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Bad Bosses and How to Deal With Them

Media release

8 August 2011

Bad Bosses and How to Deal With Them

It's no wonder bad bosses often make it to the big screen: it is a scenario many workers can relate to. Research by leading finance and accounting recruiter, Robert Half, shows half (50 per cent) of New Zealand workers would look for opportunities elsewhere if they had some conflict with their manager.

The survey also found 53 per cent of New Zealand finance and accounting professionals would look for other opportunities elsewhere if a manager was not offering the opportunities they thought they deserved, while 42 percent would contemplate a move if they were not inspired by their manager. A further 34 per cent would also be attracted by a better management structure elsewhere.

These results suggest that if businesses want to hold on to top performers, ensuring managers' leadership skills are up to scratch is a good place to start.

Robert Half New Zealand general manager, Megan Alexander, explains bad bosses aren't necessarily bad people, but they can certainly make work challenging for those who report to them.

"Often people are promoted because they have impressive skills, but that doesn't mean that they are effective leaders. Friction between managers can stem from differing work styles. Professionals who adapt their approach to their supervisor's preferences may be able to build stronger working relationships."

Robert Half identifies five common types of challenging bosses and tips for working with them:

Boss type

Coping strategy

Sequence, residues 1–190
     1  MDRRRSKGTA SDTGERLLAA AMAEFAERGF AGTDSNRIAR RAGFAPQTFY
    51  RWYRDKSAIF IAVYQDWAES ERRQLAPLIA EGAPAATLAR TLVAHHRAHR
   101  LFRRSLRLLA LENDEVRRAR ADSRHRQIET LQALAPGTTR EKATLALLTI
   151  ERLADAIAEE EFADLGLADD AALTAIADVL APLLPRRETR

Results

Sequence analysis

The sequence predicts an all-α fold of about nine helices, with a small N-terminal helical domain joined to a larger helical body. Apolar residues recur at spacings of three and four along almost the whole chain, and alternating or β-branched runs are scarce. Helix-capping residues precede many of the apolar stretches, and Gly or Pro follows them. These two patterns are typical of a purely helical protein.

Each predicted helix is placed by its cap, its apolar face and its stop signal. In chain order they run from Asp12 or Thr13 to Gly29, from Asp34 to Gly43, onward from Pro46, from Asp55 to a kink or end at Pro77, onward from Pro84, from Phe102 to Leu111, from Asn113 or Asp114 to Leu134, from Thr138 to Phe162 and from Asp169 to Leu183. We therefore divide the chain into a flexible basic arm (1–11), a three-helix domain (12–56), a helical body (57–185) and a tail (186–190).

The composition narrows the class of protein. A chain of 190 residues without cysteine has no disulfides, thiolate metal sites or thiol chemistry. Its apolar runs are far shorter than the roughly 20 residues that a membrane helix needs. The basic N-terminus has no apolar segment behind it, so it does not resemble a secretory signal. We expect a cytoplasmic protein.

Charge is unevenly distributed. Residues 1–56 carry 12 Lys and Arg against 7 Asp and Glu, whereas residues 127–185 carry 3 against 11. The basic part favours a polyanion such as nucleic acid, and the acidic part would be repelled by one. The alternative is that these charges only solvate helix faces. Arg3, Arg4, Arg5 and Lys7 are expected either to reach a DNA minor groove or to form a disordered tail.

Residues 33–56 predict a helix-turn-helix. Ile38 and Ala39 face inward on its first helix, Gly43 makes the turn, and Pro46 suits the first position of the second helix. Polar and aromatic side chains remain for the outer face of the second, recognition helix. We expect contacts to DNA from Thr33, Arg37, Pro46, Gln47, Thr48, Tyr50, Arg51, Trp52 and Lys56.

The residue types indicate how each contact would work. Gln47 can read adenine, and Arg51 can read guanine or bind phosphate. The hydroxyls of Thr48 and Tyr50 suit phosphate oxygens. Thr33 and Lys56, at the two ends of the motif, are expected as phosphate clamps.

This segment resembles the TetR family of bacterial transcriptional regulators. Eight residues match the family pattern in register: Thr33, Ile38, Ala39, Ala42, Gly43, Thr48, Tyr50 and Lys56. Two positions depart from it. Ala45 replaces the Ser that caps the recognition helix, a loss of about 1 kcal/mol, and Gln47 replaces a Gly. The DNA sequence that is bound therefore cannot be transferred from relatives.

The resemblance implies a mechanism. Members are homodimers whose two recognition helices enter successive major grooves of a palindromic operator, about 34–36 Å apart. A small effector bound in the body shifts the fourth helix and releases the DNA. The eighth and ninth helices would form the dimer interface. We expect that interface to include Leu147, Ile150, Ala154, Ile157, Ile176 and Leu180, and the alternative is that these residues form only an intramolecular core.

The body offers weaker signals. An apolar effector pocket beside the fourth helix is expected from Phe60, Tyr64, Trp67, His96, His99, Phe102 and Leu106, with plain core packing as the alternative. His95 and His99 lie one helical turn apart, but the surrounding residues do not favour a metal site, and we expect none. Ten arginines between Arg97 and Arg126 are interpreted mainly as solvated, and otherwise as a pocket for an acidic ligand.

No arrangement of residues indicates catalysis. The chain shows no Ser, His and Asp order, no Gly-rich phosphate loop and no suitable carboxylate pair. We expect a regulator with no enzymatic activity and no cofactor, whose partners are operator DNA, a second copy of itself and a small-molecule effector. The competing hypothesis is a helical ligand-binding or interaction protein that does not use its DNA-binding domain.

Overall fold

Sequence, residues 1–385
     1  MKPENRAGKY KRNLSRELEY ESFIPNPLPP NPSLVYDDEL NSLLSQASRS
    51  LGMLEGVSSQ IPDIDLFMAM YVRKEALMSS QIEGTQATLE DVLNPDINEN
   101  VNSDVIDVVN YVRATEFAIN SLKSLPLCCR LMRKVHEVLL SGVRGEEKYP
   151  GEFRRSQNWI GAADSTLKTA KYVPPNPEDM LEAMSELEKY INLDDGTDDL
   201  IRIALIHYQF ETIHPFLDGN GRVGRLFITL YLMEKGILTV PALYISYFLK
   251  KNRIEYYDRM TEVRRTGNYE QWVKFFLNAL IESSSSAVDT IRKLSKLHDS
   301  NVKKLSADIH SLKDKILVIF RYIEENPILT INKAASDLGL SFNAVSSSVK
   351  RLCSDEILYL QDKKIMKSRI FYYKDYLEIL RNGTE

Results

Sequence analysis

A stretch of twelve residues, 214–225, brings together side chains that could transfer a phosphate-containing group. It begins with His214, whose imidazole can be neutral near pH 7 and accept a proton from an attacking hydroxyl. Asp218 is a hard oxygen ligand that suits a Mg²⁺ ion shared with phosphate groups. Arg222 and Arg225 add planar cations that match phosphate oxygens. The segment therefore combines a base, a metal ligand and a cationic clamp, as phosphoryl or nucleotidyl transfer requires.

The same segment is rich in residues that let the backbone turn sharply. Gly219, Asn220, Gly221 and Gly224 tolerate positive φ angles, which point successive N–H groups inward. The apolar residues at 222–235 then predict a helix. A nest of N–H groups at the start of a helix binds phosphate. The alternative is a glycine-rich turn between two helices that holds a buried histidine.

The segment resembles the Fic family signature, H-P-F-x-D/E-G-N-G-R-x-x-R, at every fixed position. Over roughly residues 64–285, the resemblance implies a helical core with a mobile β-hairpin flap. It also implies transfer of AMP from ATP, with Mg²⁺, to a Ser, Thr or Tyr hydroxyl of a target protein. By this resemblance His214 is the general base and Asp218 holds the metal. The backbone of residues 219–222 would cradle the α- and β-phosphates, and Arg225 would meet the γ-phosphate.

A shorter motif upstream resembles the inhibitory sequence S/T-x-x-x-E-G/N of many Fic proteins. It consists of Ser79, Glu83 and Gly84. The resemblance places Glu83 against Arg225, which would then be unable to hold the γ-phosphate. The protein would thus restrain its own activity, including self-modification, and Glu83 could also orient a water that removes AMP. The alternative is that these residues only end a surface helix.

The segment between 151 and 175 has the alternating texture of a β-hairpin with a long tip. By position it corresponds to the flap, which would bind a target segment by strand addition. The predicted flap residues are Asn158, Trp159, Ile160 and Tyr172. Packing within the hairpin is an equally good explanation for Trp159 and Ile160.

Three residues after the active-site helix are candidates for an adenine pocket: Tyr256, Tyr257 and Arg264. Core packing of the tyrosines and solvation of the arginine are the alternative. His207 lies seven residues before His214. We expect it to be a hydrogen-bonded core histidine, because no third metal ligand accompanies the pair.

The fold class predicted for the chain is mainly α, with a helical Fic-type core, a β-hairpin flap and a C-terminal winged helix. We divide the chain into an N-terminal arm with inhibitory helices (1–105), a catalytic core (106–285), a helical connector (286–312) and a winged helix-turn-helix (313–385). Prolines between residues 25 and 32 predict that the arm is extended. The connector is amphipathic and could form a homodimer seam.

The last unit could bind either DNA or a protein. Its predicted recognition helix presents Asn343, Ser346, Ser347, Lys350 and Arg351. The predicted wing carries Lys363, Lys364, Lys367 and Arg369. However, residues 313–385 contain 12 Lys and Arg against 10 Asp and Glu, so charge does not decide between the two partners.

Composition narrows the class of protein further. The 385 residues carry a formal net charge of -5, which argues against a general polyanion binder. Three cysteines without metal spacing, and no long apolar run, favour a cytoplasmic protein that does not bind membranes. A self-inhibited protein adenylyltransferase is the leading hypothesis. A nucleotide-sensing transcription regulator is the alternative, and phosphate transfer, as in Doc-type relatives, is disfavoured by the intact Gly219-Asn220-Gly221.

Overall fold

The micromanager has trouble delegating tasks. When assigning a project, this boss tells you exactly how, when and where to do it.

Trust is usually the issue here, so try to do everything in your power to build it. Don't miss deadlines, pay attention to details and keep your manager apprised of all the steps you've taken to ensure quality work.

The poor communicator provides little or no direction. Your assignments often have to be completed at the last minute or redone because goals and deadlines weren't clearly explained.

Diplomatically point out that by providing more information upfront, you'll both avoid undue stress and save time in the long run. Seek clarification when confused and arrange regular check-ins on projects.

The bully wants to do things his or her way, or no way at all. Bosses like this also tend to be gruff with others and easily frustrated.

Stand up for yourself. The next time your supervisor shoots down your proposal, for example, calmly explain your rationale. Often, this type of manager will relent when presented with a voice of reason.

The saboteur undermines the efforts of others and rarely recognises individuals for a job well done. This supervisor takes credit for employee ideas but places blame on others when projects go awry.

Make sure your contributions are more visible to others, especially senior management, so that your role isn't overlooked. Get information in writing from this person so you have a chain of communications to refer to, if needed.

The mixed bag is always a surprise. This manager's moods are typically unpredictable: He or she may confide in you one day and turn a cold shoulder the next.

Try not to take this boss's disposition personally. A calm and composed demeanour is best when dealing with this supervisor. When this person is on edge, try to limit communication unless a matter is urgent.

Ends

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